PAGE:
Sunday, October 28, 2012

Traveling Auditions Provoke Concerns

An advertisement that hit the Quad City air last week has made some confusion.

As a traveling show asking for kids to participate in their talent competitions referenced the Disney channel.

There are questions parents need to ask before signing up for any talent scouting group.

First, who's been successful with this company?

Get their references and see what children with similar backgrounds have been able to break into the field.

Second, get everything in writing and read the fine print.

That will explain what to do if you're not satisfied and whether a refund is available.

And third, take your time.

Being rushed is why one local woman chose not to put any money down.

"Do you like Disney, do you watch, well I can't even think of the shows on there," says Misty DePauw. She took her daughter Samantha to the audition after hearing the radio ad.

"(She's) very into some of the Disney shows, and now with YouTube and stuff being able to put your own video's on, who doesn't want to be a star?"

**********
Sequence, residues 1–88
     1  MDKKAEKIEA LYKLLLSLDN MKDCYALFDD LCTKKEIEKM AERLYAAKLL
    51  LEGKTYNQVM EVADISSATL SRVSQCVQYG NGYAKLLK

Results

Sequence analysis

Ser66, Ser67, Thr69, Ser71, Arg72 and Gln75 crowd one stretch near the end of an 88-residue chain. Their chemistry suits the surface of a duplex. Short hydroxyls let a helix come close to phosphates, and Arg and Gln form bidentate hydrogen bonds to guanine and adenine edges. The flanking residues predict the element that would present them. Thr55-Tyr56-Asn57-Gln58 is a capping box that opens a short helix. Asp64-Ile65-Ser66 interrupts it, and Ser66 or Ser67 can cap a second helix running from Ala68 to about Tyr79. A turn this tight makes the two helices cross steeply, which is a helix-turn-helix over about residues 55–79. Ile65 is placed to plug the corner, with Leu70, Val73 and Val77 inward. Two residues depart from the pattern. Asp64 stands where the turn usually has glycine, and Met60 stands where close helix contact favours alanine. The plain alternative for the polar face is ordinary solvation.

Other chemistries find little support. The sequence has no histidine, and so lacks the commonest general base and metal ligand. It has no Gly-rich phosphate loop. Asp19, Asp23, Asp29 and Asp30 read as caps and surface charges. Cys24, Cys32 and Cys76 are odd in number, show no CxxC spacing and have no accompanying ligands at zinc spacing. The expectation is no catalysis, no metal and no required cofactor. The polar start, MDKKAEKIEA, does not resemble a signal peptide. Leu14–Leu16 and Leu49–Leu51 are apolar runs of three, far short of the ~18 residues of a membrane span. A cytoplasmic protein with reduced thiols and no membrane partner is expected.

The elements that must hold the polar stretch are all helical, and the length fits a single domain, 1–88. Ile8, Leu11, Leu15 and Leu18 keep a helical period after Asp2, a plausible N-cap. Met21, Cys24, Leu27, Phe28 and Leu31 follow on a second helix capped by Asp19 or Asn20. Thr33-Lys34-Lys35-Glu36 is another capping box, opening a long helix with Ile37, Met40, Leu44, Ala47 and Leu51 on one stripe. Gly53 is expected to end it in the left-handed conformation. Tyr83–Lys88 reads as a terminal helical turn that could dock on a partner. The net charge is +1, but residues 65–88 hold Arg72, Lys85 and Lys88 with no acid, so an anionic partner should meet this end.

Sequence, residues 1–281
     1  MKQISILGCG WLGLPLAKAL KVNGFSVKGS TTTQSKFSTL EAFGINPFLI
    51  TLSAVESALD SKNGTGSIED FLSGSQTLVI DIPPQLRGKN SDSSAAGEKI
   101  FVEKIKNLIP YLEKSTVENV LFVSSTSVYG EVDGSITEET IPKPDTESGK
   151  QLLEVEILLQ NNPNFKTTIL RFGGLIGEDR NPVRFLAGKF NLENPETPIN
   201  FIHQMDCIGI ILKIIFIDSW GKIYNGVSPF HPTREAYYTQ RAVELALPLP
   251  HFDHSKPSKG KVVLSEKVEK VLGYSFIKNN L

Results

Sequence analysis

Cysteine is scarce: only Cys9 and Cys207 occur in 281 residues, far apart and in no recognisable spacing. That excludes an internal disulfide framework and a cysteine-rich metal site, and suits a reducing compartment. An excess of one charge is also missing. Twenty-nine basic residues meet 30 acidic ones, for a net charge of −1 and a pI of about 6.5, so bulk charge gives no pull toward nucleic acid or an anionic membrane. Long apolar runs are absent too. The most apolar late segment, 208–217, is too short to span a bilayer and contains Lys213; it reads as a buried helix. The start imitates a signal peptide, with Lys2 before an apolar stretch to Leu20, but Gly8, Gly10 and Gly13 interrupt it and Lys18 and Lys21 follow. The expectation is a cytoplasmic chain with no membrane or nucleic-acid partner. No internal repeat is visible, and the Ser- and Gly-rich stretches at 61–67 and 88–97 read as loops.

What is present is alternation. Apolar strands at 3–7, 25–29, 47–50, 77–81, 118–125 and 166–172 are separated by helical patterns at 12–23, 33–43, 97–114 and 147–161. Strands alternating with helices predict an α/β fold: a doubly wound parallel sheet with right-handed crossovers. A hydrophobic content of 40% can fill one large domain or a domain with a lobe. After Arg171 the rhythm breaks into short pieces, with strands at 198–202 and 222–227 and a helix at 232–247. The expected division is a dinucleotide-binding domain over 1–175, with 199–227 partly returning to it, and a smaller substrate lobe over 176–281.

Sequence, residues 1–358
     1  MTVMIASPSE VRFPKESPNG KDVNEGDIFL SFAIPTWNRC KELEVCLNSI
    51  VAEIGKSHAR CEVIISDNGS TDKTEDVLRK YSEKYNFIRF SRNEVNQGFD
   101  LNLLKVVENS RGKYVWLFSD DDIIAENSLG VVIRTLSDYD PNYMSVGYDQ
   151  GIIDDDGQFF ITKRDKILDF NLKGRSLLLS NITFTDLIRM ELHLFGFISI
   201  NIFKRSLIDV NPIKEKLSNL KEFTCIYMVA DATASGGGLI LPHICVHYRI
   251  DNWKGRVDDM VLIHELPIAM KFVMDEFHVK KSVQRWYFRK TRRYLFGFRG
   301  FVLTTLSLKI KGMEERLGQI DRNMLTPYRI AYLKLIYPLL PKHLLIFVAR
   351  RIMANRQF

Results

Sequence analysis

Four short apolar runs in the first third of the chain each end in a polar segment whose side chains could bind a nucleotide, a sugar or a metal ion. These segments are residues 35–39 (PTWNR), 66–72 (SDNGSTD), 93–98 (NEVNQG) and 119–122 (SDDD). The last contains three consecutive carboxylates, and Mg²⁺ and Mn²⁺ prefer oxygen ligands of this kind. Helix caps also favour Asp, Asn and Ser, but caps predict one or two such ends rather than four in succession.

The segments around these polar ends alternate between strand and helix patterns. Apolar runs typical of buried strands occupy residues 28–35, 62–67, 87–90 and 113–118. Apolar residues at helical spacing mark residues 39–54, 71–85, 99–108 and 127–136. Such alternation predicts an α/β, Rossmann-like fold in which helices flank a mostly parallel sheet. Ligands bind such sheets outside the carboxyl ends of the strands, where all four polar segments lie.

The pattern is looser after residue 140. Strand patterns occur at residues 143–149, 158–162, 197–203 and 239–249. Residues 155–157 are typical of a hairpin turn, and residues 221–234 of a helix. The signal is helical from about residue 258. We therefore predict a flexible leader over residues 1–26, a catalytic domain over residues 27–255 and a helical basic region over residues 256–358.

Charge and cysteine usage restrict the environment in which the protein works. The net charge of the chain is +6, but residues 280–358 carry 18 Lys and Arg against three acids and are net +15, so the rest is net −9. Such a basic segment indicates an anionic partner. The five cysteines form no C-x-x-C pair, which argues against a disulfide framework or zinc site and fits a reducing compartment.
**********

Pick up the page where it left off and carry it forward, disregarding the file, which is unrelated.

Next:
They went to an audition session hosted by "The Event." A traveling company that sells vacation packages combined with a talent competition. But after doing some homework, Misty decided not to buy in.

"I think they're trying to make some fast money off people, and it's sad that they're using a child's dream," says DePauw.

TV 6 investigated those claims to see if others feel the same. The BBB says while issue come up with this company. Their marketing campaign is legitimate.

But they suggest other parents considering these types of things do what DePauw did, and do their homework.

"It's really your job as a consumer to ask as many questions as you can," says Quad Cities BBB representative Patt Englander.

She says it's smart to take extra care with any traveling company.

"When companies come in, they're here for a short period of time and then they leave, it's difficult to track that information."

Englander says there's lots of places to get information. The BBB, the state attorney general's office, even the local police department.

"They have information on companies that kind of come through town."

DePauw says it was a learning experience. And it encouraged her daughter to try some new skills.

"She's asked about getting into some dancing so maybe, we'll have to see," says DePauw.

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